Wednesday, July 28, 2010

Lofty Goals

On Friday night, Jeremy, Walker, my dad Jeff, and I went to bed around 10pm. We awoke at 12:50 and drove to Longs Peak Trailhead. At 2am, we hit the trail.
We hiked above the trees and then the clouds, looking for a trail that would take us to the Loft Couloir. We entered the couloir shortly before dawn.
As day broke around us, we made our way up steep slopes lit by Alpenglow.
 Although over 200 people would summit Longs Peak today, only about 15 attempted this route.
The couloir exit involved a small amount of exposure but no tricky moves. You can see the trail into the couloir far below.
 This hike is incredibly dramatic. It is easily one of my top three favorite climbs.
 After reaching the loft, we began traversing along the backside of Longs Peak (behind the Beaver and The Notch). This involved downclimbing a scary section in order to reach Keplinger's Couloir.

There are definitely some class 4 moves on this trip.

After ascending Keplinger's, we joined the final stage of the Keyhole Route (at The Homestretch) and made the final push to the top. This is Walker and Jeff summitting Long's Peak together.
Unbeknownst to us, Walker had packed a nice bottle of champagne and 3lbs of dry ice to celebrate. Best champagne I've ever had!
After our champagne brunch and a nap, we headed down via the Keyhole Route.
15 hours after we'd begun, we reached the cars.

South and North Arapaho Peaks

The day after climbing Navajo, I met Tom, Ryan, and Jeremy to attempt the traverse between South and North Arapaho Peaks.

Navajo Peak

Sometimes I think it takes me longer to post about peaks than it does to climb them. As always, the photos do the talking.

Walker, my dad, and I set out to climb Navajo Peak, the pointy, beehive-like one to the left of center.
After a quick three mile cruise past two lakes, we arrived at this lake and the vertical part of the climb. As Gerry Roach often says, "the introduction was over."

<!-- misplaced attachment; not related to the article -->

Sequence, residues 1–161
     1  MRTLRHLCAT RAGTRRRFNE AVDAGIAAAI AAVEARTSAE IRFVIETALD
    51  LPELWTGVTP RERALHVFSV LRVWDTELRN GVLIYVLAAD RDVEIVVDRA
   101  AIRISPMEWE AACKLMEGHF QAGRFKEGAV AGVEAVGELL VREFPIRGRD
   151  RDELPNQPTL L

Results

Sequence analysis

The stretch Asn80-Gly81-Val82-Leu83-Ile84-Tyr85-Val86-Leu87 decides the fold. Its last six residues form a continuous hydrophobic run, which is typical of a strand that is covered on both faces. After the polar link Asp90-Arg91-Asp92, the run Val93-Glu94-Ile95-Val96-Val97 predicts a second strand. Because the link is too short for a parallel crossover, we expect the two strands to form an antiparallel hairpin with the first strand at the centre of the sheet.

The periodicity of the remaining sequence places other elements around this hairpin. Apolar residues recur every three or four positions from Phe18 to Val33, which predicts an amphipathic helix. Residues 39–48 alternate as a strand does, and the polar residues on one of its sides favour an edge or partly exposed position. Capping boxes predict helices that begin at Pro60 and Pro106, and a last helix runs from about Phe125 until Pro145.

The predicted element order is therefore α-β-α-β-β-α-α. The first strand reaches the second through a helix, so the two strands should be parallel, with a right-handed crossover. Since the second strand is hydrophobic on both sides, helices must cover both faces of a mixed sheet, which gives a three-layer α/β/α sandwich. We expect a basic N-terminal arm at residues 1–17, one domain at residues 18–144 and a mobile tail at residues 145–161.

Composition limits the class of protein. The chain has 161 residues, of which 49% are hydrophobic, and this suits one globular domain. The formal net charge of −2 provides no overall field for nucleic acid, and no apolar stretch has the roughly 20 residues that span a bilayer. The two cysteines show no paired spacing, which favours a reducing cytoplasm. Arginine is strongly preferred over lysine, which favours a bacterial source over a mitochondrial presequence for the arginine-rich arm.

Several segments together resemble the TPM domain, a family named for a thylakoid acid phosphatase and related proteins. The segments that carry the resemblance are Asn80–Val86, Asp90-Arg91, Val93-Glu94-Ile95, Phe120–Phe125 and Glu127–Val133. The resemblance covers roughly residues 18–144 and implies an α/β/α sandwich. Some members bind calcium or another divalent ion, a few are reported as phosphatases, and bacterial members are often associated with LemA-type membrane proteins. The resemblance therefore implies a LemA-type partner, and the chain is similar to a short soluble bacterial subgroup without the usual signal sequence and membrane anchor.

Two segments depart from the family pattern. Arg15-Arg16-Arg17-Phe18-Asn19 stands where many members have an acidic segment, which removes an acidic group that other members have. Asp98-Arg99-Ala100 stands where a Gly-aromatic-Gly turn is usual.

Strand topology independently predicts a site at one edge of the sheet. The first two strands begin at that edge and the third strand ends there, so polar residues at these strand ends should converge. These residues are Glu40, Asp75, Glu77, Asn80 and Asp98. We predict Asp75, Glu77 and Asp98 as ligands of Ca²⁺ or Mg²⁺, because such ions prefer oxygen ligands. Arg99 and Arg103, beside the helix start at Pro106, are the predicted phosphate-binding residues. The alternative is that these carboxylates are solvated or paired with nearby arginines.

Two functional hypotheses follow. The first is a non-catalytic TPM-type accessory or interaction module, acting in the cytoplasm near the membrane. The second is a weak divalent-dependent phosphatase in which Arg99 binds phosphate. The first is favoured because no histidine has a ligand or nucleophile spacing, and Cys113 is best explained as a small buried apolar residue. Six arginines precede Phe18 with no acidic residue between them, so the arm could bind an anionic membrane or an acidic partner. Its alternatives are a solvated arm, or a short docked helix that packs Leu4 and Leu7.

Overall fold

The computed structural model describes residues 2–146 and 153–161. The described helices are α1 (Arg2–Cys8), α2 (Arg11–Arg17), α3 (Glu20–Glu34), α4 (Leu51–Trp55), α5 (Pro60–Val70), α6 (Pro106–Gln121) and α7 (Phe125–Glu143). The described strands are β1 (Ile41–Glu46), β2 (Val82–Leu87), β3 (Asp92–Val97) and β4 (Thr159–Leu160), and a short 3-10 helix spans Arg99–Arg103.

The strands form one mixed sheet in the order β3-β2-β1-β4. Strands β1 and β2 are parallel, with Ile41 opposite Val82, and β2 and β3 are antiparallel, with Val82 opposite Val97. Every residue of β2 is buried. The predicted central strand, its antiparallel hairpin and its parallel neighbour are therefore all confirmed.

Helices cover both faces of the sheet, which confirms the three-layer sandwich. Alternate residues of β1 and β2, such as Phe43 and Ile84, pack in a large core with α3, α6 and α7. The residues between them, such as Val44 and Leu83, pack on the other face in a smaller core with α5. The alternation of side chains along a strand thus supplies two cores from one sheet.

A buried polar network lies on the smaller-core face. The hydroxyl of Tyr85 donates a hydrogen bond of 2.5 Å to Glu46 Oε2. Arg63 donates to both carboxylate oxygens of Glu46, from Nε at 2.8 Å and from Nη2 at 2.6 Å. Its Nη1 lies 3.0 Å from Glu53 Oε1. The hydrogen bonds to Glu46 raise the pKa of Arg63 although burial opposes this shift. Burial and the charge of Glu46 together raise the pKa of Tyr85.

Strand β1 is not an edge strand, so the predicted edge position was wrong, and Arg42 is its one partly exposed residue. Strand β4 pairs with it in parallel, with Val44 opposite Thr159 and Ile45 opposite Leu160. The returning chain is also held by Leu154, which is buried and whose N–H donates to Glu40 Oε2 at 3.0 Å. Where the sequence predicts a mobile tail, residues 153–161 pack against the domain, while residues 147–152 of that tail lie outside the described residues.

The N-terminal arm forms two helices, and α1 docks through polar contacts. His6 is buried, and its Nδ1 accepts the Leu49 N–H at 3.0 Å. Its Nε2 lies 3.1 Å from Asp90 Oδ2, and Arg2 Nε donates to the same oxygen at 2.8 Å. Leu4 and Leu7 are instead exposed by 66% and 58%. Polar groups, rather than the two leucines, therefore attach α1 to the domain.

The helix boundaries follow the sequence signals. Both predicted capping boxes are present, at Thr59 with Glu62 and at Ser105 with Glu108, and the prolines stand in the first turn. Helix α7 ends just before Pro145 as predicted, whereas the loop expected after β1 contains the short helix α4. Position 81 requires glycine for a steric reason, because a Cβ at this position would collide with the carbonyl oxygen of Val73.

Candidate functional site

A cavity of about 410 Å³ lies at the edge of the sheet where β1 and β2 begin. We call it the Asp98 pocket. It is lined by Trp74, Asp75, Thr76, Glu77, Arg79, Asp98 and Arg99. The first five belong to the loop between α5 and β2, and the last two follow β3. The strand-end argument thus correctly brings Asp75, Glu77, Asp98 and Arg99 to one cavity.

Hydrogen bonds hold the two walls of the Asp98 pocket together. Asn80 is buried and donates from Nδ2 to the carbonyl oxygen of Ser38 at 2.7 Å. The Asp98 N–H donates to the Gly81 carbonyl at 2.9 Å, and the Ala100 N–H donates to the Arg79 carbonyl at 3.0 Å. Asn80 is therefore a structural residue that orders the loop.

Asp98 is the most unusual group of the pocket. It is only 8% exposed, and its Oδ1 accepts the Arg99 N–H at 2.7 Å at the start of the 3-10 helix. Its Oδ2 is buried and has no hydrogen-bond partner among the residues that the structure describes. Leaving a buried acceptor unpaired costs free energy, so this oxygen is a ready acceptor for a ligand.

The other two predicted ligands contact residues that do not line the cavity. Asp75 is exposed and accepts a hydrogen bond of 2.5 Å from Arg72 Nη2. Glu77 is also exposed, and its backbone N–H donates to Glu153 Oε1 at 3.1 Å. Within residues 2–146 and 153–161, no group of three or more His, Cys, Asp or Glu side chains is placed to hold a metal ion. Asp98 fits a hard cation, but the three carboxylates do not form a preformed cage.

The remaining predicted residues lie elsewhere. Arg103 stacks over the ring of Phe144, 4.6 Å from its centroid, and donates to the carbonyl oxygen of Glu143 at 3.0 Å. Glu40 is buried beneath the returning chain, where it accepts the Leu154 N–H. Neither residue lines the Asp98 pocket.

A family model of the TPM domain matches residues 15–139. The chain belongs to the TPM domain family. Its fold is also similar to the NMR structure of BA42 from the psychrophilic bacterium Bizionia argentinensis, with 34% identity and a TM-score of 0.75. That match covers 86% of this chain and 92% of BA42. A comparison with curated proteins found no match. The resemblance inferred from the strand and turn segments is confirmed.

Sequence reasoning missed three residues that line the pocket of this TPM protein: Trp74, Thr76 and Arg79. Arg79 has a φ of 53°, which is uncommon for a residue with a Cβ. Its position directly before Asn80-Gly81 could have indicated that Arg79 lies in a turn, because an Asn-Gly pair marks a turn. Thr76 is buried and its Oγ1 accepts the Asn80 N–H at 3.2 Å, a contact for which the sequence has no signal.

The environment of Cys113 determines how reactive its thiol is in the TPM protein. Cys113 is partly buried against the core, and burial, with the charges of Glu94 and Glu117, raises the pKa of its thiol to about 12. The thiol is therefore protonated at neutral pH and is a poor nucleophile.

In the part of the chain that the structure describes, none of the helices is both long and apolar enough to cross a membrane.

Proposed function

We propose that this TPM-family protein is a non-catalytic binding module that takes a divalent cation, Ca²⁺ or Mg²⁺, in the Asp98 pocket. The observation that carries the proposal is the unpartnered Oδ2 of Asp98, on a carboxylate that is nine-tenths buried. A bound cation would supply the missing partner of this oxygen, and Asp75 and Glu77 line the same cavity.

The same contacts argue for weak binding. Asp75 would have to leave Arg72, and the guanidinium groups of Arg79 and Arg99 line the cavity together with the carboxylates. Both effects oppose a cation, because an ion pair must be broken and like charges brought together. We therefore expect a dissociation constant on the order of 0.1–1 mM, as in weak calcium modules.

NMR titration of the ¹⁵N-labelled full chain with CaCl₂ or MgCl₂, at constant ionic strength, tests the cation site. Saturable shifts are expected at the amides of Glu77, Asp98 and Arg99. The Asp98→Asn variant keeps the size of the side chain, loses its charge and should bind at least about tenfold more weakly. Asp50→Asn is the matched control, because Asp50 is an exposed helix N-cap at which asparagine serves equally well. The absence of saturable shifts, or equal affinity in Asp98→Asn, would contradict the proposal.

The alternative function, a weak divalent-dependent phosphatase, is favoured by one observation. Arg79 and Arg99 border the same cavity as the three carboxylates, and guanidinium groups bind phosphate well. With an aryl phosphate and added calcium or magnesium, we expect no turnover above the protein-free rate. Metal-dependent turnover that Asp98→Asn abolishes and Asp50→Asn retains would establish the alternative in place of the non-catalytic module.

We climbed up a few snow fields, and across this long boulder strewn basin before entering Airplane Gully, named for a plane that crashed high on the mountain in 1948.
Walker by the part of the wreckage
Nearing the top
Jeff and Walker climbing out of Airplane Gully
Dad atop Navajo peak.
After a short nap, we headed back down. A nice warmup for the Longs Peak climb in 6 days.

Monday, July 26, 2010

Sunday, July 25, 2010

Why I spend so much time outside in the summer

My "sports' options are NASCAR, steroids cycling, or the most riveting of all...stadium food?

Monday, July 19, 2010

Thoughts from class

I spent most of the weekend hiking with friends and family instead of studying for tonight's econ exam. This was a great decision.

Three-year olds appear to be an insane amount of work.

I am now responsible for running a business with about 10 employees. It's much easier to get on my sh!t list than it is to get off of it.

Local government is both meddlesome and ignorant.

Wednesday, July 14, 2010

Scrambling ahead

photo by Greenhouseguy

This Sunday I am hoping to attempt North and South Arapaho Peaks with Walker, Jeremy, and possibly Bad Moon Rising. This is the ridge between the two.

Saturday, July 10, 2010

Fools on the Hill

To celebrate the Fourth of July, Walker, Jeremy, and I attempted to summit Fools Peak, one of the mountains listed in Dave Coopers (now self-published?) book Colorado Scrambles. We chose Fools for three reasons:
  1. "Towering" at not even 13,000', Fools is not well known. We hoped to avoid crowds.
  2. This peak offers some of the best class 3 scrambling in the state; a perfect warm up for potential assents on Longs and Capital Peaks, The Maroon Bells and/or Ice Mountain
  3. Brooks and Natalie happened to be camping about ninety minutes from the trailhead. 
Hiking trips are better seen than described.